Why investors must think more carefully about fixed income

Advisor tells WP you might not be able to get what you want from asset class but you can still get what you need

Why investors must think more carefully about fixed income

Being able to select a single fixed income fund before pressing the set-it-and-forget button seems like a distant dream for investors right now. Instead, they have been urged to be more thoughtful when it comes to their allocation, especially if they’re looking to eke out income.

Brian D’Costa, founding partner of Algonquin Capital, told WP that, just like The Rolling Stones sang, while you can’t get what you want from fixed income right now, you might just be able to get what you need.

That’s because after years of “being spoiled” with returns, that portion of your portfolio is now under pressure, particularly when it comes to income, with some in the industry even declaring an “income famine”.

D’Costa remembers a time, pre-Global Financial Crisis, when you could get 5% by just owning a government five-year bond. Now, though, we are in an era where advisors need to “step back and really ask clients what they want out of fixed income”.

Primarily, he added, people want three attributes – safety (preservation of cash), diversification from equities, and income. Satisfying all three via one bond is no longer an option, so investors have to think carefully about what really matters to them and what their weighting is. Why? Because all three of these attributes now come with a negative attached.

If you have your money in a market product or a GIC, there is still some element of comfort; you’re not going to lose money. However, after taxes and inflation, it’s likely you’ll lose purchasing power.

If you want to diversify against equities, you can get some but you have to take on risk by owning longer duration sovereign debt like 10-year or 30-year bonds. D’Costa explained: “If interest rates go down, you will have a positive outcome, even from these current yields. If interest rates were to go down 50 basis points right now, 10-year bonds would probably generate a 4-5% return.

“That’s fantastic, but by the same token, if interest rates go up, you take a steeper loss. You can still get some hedging, it's just not as clear cut and there’s a negative that comes with it.”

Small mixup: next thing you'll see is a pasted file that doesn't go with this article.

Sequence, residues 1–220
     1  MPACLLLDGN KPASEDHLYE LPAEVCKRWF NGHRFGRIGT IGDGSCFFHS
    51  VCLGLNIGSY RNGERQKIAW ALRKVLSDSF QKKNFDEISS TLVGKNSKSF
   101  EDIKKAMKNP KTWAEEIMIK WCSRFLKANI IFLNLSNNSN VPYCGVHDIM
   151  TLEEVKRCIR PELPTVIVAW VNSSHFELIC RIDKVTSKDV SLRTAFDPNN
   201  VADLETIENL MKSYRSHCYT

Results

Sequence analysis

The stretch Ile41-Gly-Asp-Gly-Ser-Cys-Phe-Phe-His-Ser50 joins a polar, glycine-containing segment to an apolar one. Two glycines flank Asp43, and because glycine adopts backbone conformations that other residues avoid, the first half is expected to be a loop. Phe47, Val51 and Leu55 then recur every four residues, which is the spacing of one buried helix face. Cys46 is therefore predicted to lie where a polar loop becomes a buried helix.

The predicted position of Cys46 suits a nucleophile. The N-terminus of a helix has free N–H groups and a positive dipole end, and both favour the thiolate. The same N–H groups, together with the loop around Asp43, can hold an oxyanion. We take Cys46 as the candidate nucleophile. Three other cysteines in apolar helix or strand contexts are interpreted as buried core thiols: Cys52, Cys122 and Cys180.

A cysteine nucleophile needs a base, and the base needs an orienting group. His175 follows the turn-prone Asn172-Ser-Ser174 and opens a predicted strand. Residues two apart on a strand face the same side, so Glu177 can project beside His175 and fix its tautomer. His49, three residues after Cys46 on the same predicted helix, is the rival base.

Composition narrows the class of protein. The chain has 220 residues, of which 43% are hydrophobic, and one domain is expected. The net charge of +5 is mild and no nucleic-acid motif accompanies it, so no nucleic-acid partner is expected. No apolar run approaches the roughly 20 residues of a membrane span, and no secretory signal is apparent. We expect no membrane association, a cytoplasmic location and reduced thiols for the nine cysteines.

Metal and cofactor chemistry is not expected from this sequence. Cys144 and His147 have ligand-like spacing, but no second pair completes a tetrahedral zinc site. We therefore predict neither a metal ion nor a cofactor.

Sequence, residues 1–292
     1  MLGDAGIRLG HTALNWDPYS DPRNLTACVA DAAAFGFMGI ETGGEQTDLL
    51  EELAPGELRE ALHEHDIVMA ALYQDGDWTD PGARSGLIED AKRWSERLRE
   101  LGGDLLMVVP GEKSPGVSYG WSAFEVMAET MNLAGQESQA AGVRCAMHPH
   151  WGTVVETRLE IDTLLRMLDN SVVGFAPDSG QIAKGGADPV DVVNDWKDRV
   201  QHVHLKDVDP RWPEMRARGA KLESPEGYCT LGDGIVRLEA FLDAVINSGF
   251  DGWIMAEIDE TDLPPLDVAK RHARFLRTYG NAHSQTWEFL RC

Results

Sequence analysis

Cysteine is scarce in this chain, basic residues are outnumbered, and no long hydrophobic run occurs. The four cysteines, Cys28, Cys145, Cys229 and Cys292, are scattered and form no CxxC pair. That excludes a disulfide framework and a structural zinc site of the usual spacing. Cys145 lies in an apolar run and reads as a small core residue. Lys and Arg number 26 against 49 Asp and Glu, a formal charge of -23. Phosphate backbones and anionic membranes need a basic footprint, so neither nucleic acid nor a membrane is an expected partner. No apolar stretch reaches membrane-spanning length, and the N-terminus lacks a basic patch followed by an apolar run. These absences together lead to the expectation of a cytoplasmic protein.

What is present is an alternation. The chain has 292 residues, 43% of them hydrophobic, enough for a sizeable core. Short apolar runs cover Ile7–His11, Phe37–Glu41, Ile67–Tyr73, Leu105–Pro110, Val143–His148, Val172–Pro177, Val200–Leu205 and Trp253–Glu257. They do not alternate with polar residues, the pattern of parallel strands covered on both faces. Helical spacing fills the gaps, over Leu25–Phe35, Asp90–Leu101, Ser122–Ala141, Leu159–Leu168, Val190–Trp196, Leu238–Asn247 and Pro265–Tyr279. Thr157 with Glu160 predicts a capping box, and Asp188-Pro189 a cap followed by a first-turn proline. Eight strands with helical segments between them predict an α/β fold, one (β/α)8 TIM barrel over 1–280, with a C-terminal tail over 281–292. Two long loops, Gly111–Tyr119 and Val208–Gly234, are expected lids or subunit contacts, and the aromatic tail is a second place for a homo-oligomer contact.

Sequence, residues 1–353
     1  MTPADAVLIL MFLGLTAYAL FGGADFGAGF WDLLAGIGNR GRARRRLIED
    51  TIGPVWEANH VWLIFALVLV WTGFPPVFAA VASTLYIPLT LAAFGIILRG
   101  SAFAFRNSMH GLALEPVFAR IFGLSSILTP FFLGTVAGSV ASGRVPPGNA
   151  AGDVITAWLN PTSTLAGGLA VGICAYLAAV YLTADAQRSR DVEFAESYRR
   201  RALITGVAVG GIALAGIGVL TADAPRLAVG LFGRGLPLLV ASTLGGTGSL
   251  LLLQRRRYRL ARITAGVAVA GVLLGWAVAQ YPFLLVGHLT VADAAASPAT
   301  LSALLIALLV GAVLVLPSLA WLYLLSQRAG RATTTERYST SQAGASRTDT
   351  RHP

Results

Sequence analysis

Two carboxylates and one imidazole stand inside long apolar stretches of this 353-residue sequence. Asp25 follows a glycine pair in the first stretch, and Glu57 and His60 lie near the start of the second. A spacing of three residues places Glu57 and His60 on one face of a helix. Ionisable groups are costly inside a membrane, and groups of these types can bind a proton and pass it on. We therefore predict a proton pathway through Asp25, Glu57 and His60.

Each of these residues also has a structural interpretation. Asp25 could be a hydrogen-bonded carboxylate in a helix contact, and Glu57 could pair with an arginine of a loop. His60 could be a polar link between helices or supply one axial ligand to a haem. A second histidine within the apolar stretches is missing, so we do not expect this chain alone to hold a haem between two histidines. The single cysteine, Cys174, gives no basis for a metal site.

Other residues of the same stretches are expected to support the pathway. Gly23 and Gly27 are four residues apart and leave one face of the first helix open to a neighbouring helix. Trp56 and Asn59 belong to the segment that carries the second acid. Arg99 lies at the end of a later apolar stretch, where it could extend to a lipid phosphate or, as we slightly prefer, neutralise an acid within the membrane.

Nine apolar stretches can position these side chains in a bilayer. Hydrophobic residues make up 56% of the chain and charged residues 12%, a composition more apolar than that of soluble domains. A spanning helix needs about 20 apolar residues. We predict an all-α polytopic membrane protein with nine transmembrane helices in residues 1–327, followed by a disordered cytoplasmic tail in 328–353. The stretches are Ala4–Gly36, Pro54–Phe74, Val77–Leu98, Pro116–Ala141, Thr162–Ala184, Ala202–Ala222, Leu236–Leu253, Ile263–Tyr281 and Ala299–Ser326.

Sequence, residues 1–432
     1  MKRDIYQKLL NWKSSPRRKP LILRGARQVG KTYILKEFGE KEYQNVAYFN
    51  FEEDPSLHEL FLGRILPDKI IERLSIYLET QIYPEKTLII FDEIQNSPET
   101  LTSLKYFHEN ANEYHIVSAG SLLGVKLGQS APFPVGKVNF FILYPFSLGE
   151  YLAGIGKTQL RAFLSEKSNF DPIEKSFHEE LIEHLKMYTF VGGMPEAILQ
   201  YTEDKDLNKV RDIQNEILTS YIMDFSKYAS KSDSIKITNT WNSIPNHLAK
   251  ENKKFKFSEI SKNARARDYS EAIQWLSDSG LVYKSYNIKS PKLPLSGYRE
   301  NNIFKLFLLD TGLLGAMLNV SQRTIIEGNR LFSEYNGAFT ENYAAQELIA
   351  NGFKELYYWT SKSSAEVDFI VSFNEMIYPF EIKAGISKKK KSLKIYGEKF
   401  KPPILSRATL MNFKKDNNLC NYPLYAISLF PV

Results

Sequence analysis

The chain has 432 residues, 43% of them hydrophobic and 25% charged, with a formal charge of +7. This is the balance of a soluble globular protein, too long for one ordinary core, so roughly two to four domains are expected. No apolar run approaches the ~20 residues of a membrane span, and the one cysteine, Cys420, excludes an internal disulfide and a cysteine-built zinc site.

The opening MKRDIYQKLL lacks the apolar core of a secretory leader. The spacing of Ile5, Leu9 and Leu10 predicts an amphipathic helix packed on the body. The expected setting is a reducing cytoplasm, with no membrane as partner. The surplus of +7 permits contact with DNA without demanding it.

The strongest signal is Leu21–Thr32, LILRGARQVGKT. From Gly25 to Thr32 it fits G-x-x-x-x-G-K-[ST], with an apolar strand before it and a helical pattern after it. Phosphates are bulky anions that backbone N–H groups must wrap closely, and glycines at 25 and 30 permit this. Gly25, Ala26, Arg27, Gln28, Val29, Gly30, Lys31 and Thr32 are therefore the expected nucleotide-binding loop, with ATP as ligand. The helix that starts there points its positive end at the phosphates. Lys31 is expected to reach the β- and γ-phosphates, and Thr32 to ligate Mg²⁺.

And then there is income. Getting 5-6% is just not realistic so the only way you get income is to invest in corporate securities, whether that be investment grade bond funds, high yield bond funds or private debt.

But all this is just lending the money to less credit worthy borrowers, warned D’Costa, so it comes with a risk of mark to market losses in your portfolio.

He said: “When you go to private debt securities, which a large number of people go to because they don't mark to market, that creates an illusion of safety. But the reality is you are lending money to people that banks don't lend to. Just because you don't have market noise doesn't mean you have less risk, you do face [the risk] of some permanent loss of capital.”

He added that, if income is what a client wants, they have to take on some risk – and then it’s up to the advisor to work with them to identify what their appetite for risk is.

“The other thing that comes out of this [income famine] is that it forces investors to consider an alternative and to think, ‘maybe I need to educate myself, maybe a small sleeve of private debt is what I should add to my portfolio, or maybe I should look at some of the liquid alternative fixed income funds out there that are delivering slightly higher yields than a traditional bonds’.

“It comes down to risk appetite. What am I willing to live with? Fixed income can still be a part of a portfolio but no longer just a single fund.”

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